Substack, the much-hyped newsletter platform, has dropped plans for a Series C – TechCrunch

Substack, the five-year-old newsletter platform that has aggressively positioned itself as a disruptive force in media, has dropped its efforts to raise a Series C round, The New York Times reports today. According to its sources, Substack has been in discussions with potential investors over the past few months about raising $75-100 million at a valuation between $750-$1 billion.

San Francisco-based Substack was recently valued at $650m by its investors after closing a $65m Series B round in March last year led by former investor Andreessen Horowitz (a16z) . He previously raised a $15.3 million Series A round led by a16z in 2019.

Substack was originally launched as a way to turn newsletters into a paid subscription business, inviting anyone interested to jump on the platform and start writing for whatever amount they want to charge their readers. . Writers were – and still are – encouraged to write for free; those who charge for a subscription pay 10% of what they collect to Substack, with Stripe, its payment processor, collecting an additional 3%.

The company then added support for podcasts and just this month it rolled out its own podcast player, along with new moderation tools, rating categories and more. As CEO Chris Best told TechCrunch several years ago, Substack’s goal has always been to empower its users to create their own “personal media empire.”

Whether the company is able to generate meaningful revenue despite these bells and whistles is the question investors might have asked. Substack told investors it made about $9 million in revenue last year. The company separately told Axios late last year that the platform’s top 10 writers collectively generate $20 million in annual revenue.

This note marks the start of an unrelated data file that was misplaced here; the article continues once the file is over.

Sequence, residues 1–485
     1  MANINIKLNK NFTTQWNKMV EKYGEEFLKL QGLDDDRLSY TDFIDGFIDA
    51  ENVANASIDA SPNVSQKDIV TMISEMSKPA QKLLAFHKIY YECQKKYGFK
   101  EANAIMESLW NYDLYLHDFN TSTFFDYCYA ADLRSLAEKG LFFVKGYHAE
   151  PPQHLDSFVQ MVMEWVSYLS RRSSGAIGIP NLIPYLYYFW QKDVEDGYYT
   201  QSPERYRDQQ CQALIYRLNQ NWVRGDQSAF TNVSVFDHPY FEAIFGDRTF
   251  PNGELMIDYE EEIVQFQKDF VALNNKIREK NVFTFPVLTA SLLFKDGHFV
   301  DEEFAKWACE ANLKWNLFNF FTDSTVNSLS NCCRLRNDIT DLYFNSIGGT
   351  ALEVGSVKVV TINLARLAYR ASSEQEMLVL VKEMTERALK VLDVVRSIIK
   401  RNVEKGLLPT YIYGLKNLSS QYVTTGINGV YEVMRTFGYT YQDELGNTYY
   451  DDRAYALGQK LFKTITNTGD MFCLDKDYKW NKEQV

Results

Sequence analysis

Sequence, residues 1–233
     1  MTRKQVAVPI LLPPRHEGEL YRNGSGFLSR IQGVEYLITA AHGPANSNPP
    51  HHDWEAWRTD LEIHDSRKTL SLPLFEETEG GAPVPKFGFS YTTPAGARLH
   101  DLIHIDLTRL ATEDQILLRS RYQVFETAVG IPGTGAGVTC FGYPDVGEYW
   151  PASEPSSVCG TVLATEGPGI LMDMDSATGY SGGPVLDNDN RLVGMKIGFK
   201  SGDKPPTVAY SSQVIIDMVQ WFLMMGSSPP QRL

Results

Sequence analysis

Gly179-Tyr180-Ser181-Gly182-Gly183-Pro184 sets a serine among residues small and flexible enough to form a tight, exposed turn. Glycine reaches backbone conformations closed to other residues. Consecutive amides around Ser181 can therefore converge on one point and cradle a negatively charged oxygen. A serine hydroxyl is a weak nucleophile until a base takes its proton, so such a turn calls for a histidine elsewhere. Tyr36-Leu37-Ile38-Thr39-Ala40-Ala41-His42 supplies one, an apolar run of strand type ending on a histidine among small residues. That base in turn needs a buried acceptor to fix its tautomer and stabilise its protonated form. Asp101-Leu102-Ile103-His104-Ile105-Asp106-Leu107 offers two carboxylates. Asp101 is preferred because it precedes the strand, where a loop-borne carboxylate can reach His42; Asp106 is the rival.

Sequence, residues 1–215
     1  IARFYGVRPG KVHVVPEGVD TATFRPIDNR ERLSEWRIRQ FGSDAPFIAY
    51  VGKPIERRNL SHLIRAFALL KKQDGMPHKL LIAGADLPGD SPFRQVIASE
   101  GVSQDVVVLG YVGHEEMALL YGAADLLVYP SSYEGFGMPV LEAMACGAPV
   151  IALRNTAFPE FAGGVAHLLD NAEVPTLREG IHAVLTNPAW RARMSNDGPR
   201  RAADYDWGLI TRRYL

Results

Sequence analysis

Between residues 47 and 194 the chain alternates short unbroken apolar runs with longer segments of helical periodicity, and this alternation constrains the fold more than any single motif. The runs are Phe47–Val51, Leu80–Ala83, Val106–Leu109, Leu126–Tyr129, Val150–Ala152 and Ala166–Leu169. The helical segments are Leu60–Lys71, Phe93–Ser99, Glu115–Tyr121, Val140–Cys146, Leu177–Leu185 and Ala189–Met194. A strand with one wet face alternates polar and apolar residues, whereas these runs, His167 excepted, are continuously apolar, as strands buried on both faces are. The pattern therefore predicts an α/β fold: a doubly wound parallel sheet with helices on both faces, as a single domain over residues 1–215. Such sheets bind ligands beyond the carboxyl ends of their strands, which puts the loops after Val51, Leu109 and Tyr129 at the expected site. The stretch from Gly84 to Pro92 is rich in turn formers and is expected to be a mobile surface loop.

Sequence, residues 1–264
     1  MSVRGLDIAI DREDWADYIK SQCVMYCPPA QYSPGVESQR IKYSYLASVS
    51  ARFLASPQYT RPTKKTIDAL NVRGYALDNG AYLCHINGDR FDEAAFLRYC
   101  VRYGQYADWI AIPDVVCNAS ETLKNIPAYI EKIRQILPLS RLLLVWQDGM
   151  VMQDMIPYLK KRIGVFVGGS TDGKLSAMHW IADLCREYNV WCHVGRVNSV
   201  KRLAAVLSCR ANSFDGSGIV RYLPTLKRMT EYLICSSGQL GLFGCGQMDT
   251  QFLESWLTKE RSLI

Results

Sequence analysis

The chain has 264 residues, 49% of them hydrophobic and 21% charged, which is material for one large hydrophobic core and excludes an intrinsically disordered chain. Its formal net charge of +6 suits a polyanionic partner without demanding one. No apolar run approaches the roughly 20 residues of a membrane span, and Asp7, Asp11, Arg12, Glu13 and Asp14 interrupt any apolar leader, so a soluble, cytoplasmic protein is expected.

The Times notes that Substack is one of many companies currently facing new headwinds as investors abruptly close their checkbooks amid rising interest rates that have severely hurt stocks and slowed the growth of economies. American and global.

If Substack’s overall fortunes were to change, it would be the second high-profile consumer company in Andreessen Horowitz’s portfolio to have largely captured the public imagination and then to lose momentum.

Clubhouse, the audio-based social network, has, like Substack, garnered most of its funding through numerous rounds led by a16z. While Substack has become a point of fascination for media companies – the Times has published numerous stories about the outfit, as has Vanity Fair and the New Yorker – Clubhouse has also been in the headlines for several months during the pandemic thanks in part to appearances on the platform by Elon Musk and Mark Zuckerberg. Yet as the worst of Covid has seemingly passed and those once drawn to the service are beginning to socialize in person again, Clubhouse has reportedly seen enrollment plummet.

Andrew Chen, a general partner specializing in consumer technology for a16z, led both transactions.

Substack has raised $86 million across three funding rounds, according to PitchBook. In addition to a16z, he’s backed by Fifty Years, Y Combinator and entrepreneur Audrey Gelman, who co-founded The Wing, according to Crunchbase data.

Earlier today, we reached out to Substack for comment. In the meantime, a company spokesperson told The New York Times that the change in the company’s fundraising strategy did not affect hiring plans. “My comment is,” she told the outlet.


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